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The Dealer Channel: Are they Making the Transition?

15 Jul, 2003 By: Rick Clayton imageSource

The Dealer Channel: Are they Making the Transition?

Currently, BTA
dealers face enormous challenges to be successful in today's competitive
environment. The structure of the industry has changed dramatically over the
past ten years forcing dealers to adapt and evolve rapidly. Many of the dealers
that have not faced these challenges are struggling to survive. As one dealer
succinctly put it, "The greatest challenge for the dealer today is making a
profit!" While this has always been the goal for all participants in this
industry, it has become increasingly more difficult with declining copier
volumes, margins and service revenues.

In order to assess
how office equipment dealers are doing at this point in time and how they are
facing these challenges, CAP Ventures, in conjunction with imageSource magazine,
conducted an extensive survey that covered most aspects of the dealer business.
This report focuses on the key areas covered in the survey and provides summary
and analysis of the findings.

A Look At The Past
Prior to the analog to digital migration experienced in the late 1990's and the
early part of this decade, copier sales, for the most part, consisted of a short
selling cycle that was hardware focused. The introduction of network printing
forever changed the sales and service landscape. What was once a single person
sales call has transitioned into a team sales approach. In addition, the
"install, train, and move onto next customer" approach was quickly
changed to longer selling cycles that focused on applications and solutions.
Network print enabled MFPs and solutions required skilled systems engineers and
service technicians that conducted extensive training and constant post-sales
support. As a result, dealers experienced increased overhead costs associated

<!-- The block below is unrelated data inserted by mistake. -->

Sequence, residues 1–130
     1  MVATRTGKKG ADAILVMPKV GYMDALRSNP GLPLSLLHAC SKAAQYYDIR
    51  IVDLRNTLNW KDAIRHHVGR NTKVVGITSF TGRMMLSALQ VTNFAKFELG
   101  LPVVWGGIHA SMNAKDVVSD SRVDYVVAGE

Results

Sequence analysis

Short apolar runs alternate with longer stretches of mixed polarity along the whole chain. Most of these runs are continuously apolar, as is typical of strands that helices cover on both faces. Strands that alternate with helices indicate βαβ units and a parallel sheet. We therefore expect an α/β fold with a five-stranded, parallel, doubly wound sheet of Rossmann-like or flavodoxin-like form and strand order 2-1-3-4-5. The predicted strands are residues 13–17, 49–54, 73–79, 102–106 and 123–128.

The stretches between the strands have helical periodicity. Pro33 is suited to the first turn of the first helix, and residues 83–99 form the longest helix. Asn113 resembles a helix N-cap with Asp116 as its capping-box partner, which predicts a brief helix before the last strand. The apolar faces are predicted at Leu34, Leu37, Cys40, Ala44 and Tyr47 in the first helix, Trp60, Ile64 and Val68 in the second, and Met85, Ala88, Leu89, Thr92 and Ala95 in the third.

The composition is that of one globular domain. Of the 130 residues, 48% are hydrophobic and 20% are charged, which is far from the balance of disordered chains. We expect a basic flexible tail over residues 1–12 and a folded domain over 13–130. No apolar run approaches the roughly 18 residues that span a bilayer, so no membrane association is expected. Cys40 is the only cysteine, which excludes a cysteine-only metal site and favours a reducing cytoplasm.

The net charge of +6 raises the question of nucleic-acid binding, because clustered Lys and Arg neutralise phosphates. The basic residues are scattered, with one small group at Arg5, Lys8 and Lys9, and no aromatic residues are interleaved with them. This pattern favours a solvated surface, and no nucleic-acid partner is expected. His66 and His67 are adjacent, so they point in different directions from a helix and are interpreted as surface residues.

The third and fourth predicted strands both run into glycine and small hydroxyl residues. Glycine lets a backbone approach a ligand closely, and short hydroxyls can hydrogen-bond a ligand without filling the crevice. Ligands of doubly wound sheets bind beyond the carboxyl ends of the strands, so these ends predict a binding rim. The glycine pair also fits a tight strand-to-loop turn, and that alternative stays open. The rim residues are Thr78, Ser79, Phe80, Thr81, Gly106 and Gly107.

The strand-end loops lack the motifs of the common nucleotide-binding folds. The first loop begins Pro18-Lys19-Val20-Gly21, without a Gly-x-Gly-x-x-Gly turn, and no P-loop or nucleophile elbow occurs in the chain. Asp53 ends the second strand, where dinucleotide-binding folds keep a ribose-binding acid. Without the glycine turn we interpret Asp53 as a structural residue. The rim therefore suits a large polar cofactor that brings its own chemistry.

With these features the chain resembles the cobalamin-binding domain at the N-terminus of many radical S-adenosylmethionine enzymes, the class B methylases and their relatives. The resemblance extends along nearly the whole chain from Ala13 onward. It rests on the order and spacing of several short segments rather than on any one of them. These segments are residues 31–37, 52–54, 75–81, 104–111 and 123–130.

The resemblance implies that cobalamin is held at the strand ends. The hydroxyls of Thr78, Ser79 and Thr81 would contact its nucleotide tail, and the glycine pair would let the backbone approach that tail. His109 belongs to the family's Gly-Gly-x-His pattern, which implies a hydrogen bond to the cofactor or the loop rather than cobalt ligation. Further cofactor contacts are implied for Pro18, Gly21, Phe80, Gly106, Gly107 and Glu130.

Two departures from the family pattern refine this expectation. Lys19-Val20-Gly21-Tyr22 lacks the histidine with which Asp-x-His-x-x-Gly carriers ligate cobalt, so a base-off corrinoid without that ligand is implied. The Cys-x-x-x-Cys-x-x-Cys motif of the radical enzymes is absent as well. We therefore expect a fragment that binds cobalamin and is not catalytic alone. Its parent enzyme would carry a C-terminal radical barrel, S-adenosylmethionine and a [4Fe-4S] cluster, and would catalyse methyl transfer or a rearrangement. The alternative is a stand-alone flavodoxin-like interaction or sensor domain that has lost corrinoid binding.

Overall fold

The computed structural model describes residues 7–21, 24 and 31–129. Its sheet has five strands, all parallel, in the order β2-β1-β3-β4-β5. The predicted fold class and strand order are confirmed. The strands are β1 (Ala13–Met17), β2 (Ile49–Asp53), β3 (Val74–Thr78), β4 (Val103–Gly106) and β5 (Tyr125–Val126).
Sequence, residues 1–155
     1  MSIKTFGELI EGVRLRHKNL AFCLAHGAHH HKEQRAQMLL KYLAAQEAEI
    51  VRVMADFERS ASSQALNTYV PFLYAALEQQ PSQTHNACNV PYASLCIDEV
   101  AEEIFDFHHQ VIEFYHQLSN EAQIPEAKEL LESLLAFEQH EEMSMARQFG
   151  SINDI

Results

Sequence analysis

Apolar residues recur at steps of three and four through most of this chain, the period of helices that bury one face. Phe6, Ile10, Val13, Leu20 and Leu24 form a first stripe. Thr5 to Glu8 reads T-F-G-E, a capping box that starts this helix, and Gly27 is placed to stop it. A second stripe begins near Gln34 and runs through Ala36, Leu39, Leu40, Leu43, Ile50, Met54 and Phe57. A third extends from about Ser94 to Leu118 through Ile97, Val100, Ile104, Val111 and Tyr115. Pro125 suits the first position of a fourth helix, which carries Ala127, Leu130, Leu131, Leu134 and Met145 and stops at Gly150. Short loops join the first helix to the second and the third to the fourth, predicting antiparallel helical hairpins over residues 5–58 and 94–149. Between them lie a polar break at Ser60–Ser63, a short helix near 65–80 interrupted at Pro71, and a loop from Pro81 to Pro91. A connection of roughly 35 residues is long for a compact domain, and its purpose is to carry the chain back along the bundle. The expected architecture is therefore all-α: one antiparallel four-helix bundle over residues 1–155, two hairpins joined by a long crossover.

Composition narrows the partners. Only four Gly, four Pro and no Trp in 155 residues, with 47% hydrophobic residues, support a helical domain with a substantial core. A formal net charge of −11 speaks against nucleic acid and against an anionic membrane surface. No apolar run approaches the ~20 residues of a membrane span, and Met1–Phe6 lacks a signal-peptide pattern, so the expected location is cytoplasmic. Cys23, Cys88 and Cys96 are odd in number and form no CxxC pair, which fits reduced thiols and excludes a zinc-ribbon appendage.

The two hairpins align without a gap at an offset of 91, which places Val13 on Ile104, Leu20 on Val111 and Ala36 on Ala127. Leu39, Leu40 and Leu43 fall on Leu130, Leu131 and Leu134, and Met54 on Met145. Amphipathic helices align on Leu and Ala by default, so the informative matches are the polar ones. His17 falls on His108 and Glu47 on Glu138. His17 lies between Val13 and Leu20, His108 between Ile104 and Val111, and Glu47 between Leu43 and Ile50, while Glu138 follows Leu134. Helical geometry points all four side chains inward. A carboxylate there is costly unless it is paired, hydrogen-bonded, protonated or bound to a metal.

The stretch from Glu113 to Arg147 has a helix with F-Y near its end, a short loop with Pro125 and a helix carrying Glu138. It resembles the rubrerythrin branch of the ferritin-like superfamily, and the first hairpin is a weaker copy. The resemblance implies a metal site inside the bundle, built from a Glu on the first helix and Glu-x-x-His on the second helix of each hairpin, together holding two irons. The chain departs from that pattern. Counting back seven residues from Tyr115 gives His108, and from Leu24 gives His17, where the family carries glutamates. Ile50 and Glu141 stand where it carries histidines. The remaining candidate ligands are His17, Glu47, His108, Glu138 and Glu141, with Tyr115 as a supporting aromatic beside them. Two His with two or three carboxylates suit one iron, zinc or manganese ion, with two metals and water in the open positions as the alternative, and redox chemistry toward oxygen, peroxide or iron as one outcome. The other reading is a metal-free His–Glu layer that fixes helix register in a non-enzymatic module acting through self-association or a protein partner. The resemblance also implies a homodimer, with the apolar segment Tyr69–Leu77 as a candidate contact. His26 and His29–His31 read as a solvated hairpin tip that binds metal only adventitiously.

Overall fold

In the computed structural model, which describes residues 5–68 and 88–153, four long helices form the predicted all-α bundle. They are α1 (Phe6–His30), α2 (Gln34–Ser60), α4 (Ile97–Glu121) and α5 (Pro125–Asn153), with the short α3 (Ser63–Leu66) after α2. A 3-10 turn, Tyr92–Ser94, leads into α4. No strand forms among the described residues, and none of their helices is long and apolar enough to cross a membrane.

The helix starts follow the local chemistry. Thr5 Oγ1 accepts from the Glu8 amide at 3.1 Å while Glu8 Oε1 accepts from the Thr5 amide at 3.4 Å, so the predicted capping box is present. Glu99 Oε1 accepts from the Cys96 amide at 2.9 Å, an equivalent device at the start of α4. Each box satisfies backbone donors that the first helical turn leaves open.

with the new copier/printer technologies and were forced to look at all aspects
of their business in order to remain profitable.

The analog to
digital migration also created a change on the account side of the buying
equation. From the introduction of the typewriter, administrative departments
and purchasing agents were primarily the contacts for all equipment related to
the office environment. The introduction of the PC, networks, and digital
migration in the copier industry resulted in a change in the buyer profile. For
the most part, technology (IT) departments are now involved in the majority of
office equipment purchases. This has caused a considerable shift in the level of
service expectations from both a sales and support standpoint. With the sales
cycle shift from a commodity perspective to solutions selling, the gap between
the customer and salesperson has widened. Organizations continuing to pursue
customers from a hardware perspective are finding many doors that used to be
wide-open are rapidly closing. In addition, hardware that is currently installed
in those locations, is at risk of being replaced with products by new
competitors, such as printer-based manufacturers who are reviewing the
opportunities to expand their product portfolio by incorporating copier
functionality and solutions.

In order to compete
in today's office equipment market, it is simply not enough to have the best
product at the best price. Manufactures and dealers must be able to deliver
quality hardware and software solutions, service, and post-sale support beyond
end user expectations.

So, how is the
dealer doing in regards to addressing these rapidly evolving changes in the
office equipment market place? That brings us to the next part of the
report-reviewing the survey findings.

Survey Statistics
The CAP Ventures/imageSource study was conducted in the first quarter of 2003